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From "Scott Stirling" <>
Subject RE: Ant Perversions [was RE: Properties are causing problem in 1.5]
Date Sun, 01 Dec 2002 23:32:30 GMT
> -----Original Message-----
> From: Jon Skeet []
> In the build procedure at work, due to historical reasons I
> *only* use Ant for VSS work - simply because it's much better at
> getting the job done than anything else is, and *much* better
> than hand labelling lots of projects.

I've never used VSS, so I'll take your word for it.  I hear it's a crummy
SCM tool.  Why do people use it?  Believe me, I wonder how the hell
StarTeam, which sucks compared to Perforce or even CVS IMNSHO, got
entrenched at where I work.  Happened before my time.

> The .NET tasks aren't necessarily interactive, or controlling
> GUIs or anything else.

This has puzzled me for a while, so I might as well ask -- why if you are
developing for .NET, which isn't cross-platform, would you use a Java tool
to do your builds?  Does .NET really not provide a quality set of build and
automation tools?  Or are they too expensive to buy?  I don't get this one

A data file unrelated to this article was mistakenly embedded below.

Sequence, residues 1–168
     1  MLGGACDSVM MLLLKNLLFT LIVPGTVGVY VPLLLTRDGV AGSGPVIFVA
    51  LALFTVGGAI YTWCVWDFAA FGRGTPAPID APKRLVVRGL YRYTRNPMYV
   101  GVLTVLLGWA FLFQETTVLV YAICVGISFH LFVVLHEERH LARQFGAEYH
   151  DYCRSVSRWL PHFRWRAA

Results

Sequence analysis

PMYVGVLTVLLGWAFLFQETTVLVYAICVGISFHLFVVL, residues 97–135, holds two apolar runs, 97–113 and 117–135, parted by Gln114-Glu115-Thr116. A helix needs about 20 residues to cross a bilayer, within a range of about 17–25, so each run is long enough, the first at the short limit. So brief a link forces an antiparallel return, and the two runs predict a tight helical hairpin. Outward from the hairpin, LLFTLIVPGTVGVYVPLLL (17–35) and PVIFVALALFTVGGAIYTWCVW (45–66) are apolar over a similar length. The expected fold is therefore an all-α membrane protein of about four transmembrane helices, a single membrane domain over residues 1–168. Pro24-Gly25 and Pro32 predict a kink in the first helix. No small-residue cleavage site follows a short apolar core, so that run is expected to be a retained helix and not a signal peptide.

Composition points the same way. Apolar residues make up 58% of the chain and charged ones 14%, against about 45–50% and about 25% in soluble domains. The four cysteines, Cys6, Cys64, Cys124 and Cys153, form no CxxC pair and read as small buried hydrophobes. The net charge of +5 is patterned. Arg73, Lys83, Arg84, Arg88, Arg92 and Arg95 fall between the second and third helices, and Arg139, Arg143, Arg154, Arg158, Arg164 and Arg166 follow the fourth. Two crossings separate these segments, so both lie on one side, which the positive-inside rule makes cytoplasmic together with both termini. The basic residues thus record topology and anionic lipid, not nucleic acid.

at all, but there must be a reason if .NET tasks made it into the optional
task set.

> Similarly telnet is fine when it's doing *exactly* what you
> expect it to - and the build can fail if you don't get the
> response you're expecting.

That's cool, and I think a Java implementation of telnet is used anyway in

> If you could give better alternatives for all of the tasks which
> you think Ant is no good at, it would make your case a lot stronger.

I thought I did -- grep, sed and sh are three ubiquitous tools that do stuff
Ant's not good at (piping, stream editing, return codes, looping, no
compilation or packaging necessary).

Scott Stirling

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